Negotiating contracts isn’t fun for clinical trial sites (or consultants). Contracts define the terms of how a sponsor and clinical trial site interact, who the parties are, and important issues for every clinical trial site to consider. One of the hardest issues for me has been indemnification; what to ask for and when to ask for it.
This Guest Commentary by Jill Petro helps to demystify some of the issues that clinical trial sites face when looking over a contract.Jill works for Aureus Research in New Orleans and has some practical issues for you to consider including checklists, spreadsheets, and templates.
Clinical Trial Contracts, by Jill Petro
Whether you are an Investigator, a study coordinator, a site manager, a CRA, or a member of the Contracts and Grants department, you probably have responsibility for some aspects of the contract and budget process. Most of us in these areas have had little, if any, formal legal or financial training. This is unfortunate, because the contract is the critical document that defines the expectations and legal obligationsof the Sponsor and Site (and sometimes the CRO).
Now you may say the protocol is more critical, but most contracts have a statement that the agreement supersedes with the protocol merely an attachment to the agreement. Shouldn’t we then spend as much effort making sure the contract is good for both parties as we do getting the protocol right? Reviewing contracts and budgets is time-consuming and can be frustrating.
This is NOT our area of expertise, and yet we are expected to negotiate asound agreement. It is possible to reduce the stress associated with this task if you develop a reasonable process forreview. This might include the use of checklists, templates, or spreadsheets.
ChecklistsIt’s not uncommon for Sponsors and Sites to have an “elements of the informed consent checklist” against which the Informed Consent Form for each study is compared to ensure none of the required elements are missing. Most Sponsors and CROs provide sites with a contract for review. The contract has probably already undergone a check of some sort by their legal staff. Wouldn’t it be nice for the site to have a “checklist of required elements” to use during the contract review process? This checklist will likely take some time to develop for a site. It should involve input from the Investigator, the Institution, the Site Manager/Study Coordinator, and Lawyer(s). All topics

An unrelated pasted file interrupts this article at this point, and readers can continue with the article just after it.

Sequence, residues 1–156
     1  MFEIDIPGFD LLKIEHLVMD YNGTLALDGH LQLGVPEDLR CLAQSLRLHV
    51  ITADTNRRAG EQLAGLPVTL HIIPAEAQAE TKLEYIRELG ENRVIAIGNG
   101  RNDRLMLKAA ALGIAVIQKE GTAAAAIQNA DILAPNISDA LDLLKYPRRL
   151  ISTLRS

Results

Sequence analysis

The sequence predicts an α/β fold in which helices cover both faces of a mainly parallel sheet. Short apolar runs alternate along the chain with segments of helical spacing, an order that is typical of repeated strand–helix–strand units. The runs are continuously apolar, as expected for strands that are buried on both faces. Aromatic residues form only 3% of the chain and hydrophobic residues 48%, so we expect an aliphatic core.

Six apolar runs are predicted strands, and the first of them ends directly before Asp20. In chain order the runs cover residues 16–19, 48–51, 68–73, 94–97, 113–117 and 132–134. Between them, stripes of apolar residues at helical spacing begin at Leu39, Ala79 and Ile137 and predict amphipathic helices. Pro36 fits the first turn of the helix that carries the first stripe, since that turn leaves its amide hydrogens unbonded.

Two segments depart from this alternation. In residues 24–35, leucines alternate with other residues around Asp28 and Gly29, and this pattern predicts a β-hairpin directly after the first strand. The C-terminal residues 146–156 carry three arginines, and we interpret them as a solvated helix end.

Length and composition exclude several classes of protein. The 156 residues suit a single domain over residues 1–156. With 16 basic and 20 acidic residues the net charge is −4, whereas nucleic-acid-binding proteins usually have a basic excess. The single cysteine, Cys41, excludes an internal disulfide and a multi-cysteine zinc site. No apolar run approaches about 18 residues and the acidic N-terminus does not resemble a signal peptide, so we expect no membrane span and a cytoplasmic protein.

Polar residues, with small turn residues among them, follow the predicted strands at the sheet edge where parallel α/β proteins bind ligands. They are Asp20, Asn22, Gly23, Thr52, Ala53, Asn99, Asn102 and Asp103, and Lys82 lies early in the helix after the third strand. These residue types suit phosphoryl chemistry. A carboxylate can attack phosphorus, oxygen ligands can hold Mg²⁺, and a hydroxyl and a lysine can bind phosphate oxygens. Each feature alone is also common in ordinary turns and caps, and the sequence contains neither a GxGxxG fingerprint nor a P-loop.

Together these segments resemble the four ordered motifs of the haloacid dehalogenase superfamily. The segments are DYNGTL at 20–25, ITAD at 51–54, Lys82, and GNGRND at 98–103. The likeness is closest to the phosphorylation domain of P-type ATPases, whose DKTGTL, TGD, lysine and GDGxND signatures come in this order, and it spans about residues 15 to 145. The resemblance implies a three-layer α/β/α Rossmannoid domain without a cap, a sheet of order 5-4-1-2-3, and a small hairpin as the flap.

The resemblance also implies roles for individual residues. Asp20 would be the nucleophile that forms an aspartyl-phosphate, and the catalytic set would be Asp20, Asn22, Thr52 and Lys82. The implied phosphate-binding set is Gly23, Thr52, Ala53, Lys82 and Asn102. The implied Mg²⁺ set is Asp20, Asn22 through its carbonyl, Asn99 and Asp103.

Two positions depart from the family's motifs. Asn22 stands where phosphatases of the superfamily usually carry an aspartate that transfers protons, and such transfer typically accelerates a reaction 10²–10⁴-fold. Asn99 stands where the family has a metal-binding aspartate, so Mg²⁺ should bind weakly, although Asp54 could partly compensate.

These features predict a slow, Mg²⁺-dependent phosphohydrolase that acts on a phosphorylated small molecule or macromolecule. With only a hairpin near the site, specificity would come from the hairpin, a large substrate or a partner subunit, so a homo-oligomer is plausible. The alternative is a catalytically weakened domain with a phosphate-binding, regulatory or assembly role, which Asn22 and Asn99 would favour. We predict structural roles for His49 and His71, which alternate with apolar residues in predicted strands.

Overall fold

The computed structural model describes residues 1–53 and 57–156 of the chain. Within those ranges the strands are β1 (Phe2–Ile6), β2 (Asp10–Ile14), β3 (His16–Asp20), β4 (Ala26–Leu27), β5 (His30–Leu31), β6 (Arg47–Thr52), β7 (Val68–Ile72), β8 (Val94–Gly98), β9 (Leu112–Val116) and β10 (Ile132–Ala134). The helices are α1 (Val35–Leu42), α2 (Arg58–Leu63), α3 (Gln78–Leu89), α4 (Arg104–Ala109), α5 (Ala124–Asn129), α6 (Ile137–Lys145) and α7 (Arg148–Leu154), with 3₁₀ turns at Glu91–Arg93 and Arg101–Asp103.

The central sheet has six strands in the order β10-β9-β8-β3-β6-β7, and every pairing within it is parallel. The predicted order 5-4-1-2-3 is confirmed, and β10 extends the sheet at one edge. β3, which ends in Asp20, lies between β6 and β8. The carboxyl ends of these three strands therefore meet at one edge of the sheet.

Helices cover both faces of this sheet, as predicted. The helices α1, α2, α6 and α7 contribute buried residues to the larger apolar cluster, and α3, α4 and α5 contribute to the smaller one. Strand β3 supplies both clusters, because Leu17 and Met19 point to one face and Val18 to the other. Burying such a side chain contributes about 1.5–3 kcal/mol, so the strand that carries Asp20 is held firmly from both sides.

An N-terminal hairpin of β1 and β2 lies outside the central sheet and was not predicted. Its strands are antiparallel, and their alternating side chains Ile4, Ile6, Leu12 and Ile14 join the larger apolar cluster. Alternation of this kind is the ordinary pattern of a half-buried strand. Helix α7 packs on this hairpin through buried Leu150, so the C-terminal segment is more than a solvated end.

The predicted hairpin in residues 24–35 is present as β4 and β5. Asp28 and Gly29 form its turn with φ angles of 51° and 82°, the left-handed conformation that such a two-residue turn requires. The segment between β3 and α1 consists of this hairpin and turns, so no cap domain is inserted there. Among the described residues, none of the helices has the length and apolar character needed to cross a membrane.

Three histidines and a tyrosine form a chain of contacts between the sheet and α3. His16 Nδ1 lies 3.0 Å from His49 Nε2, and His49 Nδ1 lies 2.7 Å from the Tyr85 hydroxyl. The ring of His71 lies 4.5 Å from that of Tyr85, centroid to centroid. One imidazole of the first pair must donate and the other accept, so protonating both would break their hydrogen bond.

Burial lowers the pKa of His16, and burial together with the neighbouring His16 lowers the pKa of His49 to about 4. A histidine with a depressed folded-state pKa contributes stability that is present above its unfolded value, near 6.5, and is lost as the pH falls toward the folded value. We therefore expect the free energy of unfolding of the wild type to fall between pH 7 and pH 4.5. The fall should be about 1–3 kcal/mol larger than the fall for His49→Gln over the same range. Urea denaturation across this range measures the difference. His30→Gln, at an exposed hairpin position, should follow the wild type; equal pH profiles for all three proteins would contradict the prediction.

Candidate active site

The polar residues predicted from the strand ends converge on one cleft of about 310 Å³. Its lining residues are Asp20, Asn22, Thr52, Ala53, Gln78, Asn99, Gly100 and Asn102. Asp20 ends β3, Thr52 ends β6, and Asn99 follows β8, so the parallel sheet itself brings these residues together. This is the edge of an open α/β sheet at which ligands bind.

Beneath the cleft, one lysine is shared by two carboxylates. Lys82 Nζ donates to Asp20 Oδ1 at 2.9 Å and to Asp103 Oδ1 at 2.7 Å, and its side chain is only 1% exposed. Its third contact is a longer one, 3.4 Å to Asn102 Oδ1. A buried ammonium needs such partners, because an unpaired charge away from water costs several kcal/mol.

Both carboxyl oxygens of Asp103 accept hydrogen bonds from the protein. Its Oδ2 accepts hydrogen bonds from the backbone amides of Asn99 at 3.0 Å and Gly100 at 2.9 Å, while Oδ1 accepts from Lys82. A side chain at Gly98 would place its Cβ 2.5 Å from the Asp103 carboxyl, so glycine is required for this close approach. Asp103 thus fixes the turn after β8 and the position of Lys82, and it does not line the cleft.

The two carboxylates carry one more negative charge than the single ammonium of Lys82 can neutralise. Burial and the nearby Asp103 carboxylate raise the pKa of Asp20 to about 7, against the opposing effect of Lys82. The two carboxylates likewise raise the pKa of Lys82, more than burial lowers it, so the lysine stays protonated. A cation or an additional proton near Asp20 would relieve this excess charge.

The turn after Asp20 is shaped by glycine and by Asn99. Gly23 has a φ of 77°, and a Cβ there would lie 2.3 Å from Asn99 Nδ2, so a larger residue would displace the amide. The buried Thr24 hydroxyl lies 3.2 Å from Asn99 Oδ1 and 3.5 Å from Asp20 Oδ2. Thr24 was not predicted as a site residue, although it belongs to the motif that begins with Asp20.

that must be present should be listed and might include:
(A) Who the parties are,
(C) Subject injury, etc.
Now that the Site has its list of “required elements in a contract,” the group should decide on acceptable and unacceptable language within each topic. These could be your templates when reviewing a contract. If it matches your template (or the intent of your template), everything is fine. If it doesn’t, you have some template language which you can suggest as an alternative.
For instance, with regard to the parties, sometimes the contract is between the CRO and the site. If this is the case, your group would have to decide if this is acceptable or if it has to include the Sponsor. Maybe it would be acceptable if it says “CRO on behalf of the Sponsor,” but not if it is just says “CRO”. When it comes to indemnification, it is almost a universal expectation that the Sponsor will provide indemnity to the Site in some manner. It is likely that this will be a “required element” in the contract. As you discuss this area, your group will probably need to establish expectations on what will and will not be covered by indemnity.
Most Sponsors indemnify for njuries due to study product, but not for injuries caused by negligence. That seems straightforward enough, but what about indemnifying for a procedure that would not have been done except per study requirements? Next, your group will have to carefully check its insurance policies. Most contracts include a statement that the Site will also indemnify the Sponsor. Although some Sites may be able to extend their coverage to another party, many will not be allowed to do that by their insurance carrier. Check this out. If your insurance will not allow this, make sure your checklist includes this “Site indemnifies Sponsor” language in the “unacceptable language.”Our final example is subject injury. Consent forms must explain to the subject what compensation is available in the event of a research-related injury. In my experience, many contracts do not address this issue at all. To ensure all parties agree to their obligations in this area, the contract should include language that mirrors that of the informed consent form. A Site might also want details in the contract that explain how that process will work (how to request and obtain reimbursement).
Did I mention that this was a complex and lengthy process? It will probably take your site some time to develop its checklist and templated language, but it will speed up future negotiations. Why not make it one of your business resolutions for 2011 to bring this issue forward to those involved and try to have the task completed by the end of the year? It will make every contract easier in 2012!
Read about the Academy of Medical Research Report by Nick Taylor in Outsourcing-Pharma
UPDATE: There is a very interesting Important Notice to IRBs that is on the FDA website. Sort of a Coast IRB redux.
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